We drove to Memphis mostly in the rain, but it cleared up mostly by the time we arrived. The purpose of the trip was to stay at Big Cypress Lodge (the only 5-Star hotel in Memphis, supposedly) and see downtown Memphis. For those of you who haven't been thru Memphis, it has a Pyramid on the banks of the Mississippi River. Originally built as a basketball venue in the 90s, it lay empty for many years until it was purchased by the owner of Bass Pro Shops and turned into the largest Bass Pro Shop in the world. It also contains Big Cypress Lodge on the 2nd and 3rd floors as part of a resort system. The room wasn't ready yet so we went downtown and found a wonderful place for lunch - Huey's. If you are ever in Memphis and want a burger, this is your venue. After we checked into our room later, we wandered a bit then went up the 27 story elevator in the Pyramid to The Lookout at the top. Image 1-1 is from our table looking at the bar. Note the art deco/ultra mod metal sculptures hanging from the ceiling. 1-2 is John looking down over the glass overlook outside onto the front of the Pyramid. We got wine and appetizers and stayed until after dark so we could see the light show on the Hernando de Soto Bridge that separates Tennessee from Arkansas. Images 1-3 thru 1-5 are different light combinations that occurred. The floor of the overlook is glass and a little creepy to look down into, but we all survived.
The next morning we were up early to get coffee in the Upper Lobby of Big Cypress Lodge. It overlooks Bass Pro Shop below (1-6) and is just a wonderful area. Coffee in the morning, water all day long, bar at night (1-7). We were there to listen to a sales thing, which we did, then we went off to explore Memphis. A shuttle took us downtown to a place called Arnold's BBQ, which we almost didn't find. The entrance is in an alley, but we did get there and it was wonderful, if empty. We then headed over to Autozone Park, Home of the Redbirds. They are a minor league feeder team of the St. Louis Cardinals (1-8). As we passed the back gate, we saw it was open so we stepped in and got a view of the inside while the mowers were going (1-9). Cool!
From one sports venue toward another, we trekked off toward Beale Street by way of BB King Blvd. At the corner of BB King and Beale Street is Handy Park, where stands a statue of William C. Handy (1-10), the Father of The Blues. He didn't create the blues genre "... and was not the first to publish music in the blues form, but he took the blues form a regional music style (Delta blues) with a limited audience to a new level of popularity." Remember "St. Louis Blues"? He wrote that among others. Very interesting history and statue. The vantage point from which John took the picture of the Beale Street entry sign (1-11) was from in front of a little house that had been Handy's and was moved here and made a museum. You can see one of the many guitars we found in the Beale Street area. Image 1-12 is a composite of 4 of the many found in different places. All different, all huge, all fiberglass. There were others, but one can't show them all! The next sports venue was FedEx Forum (1-13), home of the Memphis Grizzlies and men's NCAA Div 1 University of Memphis men's basketball team. Of course there is music and other stuff, but it was fun to see the outside of.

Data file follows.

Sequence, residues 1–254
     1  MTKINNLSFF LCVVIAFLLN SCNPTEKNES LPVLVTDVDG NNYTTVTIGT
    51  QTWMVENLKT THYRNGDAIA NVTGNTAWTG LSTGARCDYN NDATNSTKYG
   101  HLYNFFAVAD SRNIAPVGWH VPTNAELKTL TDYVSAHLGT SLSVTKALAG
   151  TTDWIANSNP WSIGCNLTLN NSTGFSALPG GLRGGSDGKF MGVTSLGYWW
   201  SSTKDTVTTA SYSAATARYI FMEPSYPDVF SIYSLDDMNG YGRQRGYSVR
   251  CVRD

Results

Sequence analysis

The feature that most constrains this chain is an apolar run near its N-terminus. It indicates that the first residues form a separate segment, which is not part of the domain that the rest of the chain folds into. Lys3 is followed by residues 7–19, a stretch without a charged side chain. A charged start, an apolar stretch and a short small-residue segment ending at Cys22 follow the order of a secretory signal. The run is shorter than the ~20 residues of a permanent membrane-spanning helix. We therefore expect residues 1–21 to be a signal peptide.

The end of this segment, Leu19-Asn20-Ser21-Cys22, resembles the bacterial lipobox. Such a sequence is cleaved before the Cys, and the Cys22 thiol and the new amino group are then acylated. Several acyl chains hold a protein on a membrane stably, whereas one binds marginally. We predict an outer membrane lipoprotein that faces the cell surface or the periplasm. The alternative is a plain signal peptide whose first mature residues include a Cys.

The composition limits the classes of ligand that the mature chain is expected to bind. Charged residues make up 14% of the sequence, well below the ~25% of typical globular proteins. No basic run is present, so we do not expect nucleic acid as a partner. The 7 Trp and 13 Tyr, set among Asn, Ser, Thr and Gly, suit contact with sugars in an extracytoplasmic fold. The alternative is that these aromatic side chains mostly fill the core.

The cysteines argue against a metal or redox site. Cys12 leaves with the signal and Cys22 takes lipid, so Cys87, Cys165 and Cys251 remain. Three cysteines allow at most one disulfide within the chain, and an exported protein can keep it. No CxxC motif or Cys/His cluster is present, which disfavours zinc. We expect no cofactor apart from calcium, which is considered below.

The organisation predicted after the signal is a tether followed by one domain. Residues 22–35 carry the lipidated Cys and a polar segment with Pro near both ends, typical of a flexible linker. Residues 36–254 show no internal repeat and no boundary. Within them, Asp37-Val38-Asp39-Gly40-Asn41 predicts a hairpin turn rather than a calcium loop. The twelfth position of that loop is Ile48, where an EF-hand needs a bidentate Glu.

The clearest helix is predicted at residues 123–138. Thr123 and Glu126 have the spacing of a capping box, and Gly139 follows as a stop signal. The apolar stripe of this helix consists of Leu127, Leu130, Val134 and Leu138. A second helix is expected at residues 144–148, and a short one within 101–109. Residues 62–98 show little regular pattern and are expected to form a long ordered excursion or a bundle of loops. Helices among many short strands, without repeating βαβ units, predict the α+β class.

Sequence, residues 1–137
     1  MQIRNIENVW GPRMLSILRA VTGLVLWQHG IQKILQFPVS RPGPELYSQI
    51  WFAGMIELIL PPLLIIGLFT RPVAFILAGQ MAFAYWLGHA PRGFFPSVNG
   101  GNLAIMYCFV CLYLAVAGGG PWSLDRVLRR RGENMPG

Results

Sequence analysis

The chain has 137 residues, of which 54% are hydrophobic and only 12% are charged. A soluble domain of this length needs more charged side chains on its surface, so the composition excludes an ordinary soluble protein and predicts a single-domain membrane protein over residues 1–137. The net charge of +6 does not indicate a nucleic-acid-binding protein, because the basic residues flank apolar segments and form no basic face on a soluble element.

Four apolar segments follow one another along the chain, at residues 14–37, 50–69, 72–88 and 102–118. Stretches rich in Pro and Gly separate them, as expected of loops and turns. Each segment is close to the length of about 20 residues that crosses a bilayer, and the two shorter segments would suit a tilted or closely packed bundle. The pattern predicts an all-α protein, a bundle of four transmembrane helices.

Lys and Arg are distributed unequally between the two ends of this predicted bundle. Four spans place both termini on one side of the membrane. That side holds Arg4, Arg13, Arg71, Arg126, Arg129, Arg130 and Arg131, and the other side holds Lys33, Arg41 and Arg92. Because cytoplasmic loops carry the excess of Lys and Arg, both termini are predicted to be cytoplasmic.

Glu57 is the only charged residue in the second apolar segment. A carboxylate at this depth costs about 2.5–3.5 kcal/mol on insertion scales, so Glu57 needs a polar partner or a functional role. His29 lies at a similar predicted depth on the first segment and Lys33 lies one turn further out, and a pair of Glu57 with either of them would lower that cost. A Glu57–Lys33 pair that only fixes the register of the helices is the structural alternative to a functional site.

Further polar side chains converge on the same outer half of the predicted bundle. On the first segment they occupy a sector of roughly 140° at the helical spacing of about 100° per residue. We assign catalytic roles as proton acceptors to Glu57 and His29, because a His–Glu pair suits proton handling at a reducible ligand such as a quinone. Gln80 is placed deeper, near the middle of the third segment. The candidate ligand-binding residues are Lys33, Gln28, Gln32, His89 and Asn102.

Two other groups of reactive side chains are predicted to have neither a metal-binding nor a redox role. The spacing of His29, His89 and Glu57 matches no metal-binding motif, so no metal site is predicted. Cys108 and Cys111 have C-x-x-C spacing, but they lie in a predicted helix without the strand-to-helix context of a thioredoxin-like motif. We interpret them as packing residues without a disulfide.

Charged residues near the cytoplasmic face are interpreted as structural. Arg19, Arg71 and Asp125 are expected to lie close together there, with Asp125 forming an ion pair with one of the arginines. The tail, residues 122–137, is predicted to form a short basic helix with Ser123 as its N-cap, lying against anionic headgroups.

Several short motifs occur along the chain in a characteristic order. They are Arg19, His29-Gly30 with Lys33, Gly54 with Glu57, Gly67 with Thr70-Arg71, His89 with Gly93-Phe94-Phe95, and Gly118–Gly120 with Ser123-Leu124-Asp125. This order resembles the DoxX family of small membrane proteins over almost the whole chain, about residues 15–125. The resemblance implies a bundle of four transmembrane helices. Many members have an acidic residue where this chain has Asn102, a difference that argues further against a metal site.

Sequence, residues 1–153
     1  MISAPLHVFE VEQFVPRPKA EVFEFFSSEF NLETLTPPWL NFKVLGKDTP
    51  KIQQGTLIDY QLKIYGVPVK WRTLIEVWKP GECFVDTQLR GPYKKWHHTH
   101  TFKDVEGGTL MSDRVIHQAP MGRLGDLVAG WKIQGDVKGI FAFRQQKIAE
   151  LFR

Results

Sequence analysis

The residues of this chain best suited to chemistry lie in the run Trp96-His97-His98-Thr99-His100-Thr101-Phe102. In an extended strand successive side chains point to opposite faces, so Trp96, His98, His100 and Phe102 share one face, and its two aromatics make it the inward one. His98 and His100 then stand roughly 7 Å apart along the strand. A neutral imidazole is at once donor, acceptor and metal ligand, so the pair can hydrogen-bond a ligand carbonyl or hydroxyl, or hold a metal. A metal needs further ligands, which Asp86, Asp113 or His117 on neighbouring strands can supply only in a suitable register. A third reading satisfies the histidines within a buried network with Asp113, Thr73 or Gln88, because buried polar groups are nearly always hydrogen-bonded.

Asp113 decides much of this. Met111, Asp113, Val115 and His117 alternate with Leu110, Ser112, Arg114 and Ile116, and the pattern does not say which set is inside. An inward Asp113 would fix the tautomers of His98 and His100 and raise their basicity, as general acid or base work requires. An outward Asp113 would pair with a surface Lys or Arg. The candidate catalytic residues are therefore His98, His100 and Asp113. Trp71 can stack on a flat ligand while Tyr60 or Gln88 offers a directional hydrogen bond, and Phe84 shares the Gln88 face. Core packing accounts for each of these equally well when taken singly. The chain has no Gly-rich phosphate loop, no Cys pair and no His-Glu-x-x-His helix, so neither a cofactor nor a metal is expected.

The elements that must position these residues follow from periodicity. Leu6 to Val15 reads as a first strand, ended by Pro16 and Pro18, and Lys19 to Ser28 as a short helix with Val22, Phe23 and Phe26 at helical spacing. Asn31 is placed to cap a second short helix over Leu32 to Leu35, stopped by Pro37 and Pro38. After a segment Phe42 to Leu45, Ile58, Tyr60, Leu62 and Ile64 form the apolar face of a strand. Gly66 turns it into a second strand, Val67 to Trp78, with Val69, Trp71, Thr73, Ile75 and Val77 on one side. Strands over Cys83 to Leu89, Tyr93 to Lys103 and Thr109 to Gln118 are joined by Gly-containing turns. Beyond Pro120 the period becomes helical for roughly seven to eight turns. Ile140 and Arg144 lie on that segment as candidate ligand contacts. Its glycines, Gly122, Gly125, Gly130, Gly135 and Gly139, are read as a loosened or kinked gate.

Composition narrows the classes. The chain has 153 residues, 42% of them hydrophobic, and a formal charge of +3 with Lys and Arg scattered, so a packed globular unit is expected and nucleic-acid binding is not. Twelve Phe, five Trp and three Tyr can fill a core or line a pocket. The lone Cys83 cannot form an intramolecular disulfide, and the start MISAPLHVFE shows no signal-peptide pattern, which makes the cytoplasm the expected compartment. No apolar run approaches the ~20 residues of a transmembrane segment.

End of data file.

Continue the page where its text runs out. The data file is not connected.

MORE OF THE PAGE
Walked up Beale Street where there is a park in which stand a statue of Elvis (1-14) next to the Green Tiger statue (1-15). 100 tigers were installed around the City of Memphis in 2012 to commemorate the Centennial of University of Memphis. We didn't see all 100, but we did see 1 or 2! Notice the Gibson guitar logo on the building in the background. That name is on all the guitars we saw. We walked along Main Street then down to the river. On the way to Beale Street Landing, we found Dominick Distillery (1-16), which someone had told us had a great little rooftop bar where we could wait to be seated at Gus' Fried Chicken and look at the River. We didn't want chicken but did want to go in Dominick's, but it wasn't open. Phooey. Walked back along the river toward Sportsman's Paradise (1-17) and our hotel. Outside the front doors were a couple of lovely pink dogwoods (1-18).
This wasn't our most artistic trip photographically, but downtown Memphis was really neat, and we want to go back. Some good architecture, neat bars and shops, good eating, The Peabody with its ducks, and soon a better park along the river. We will go back.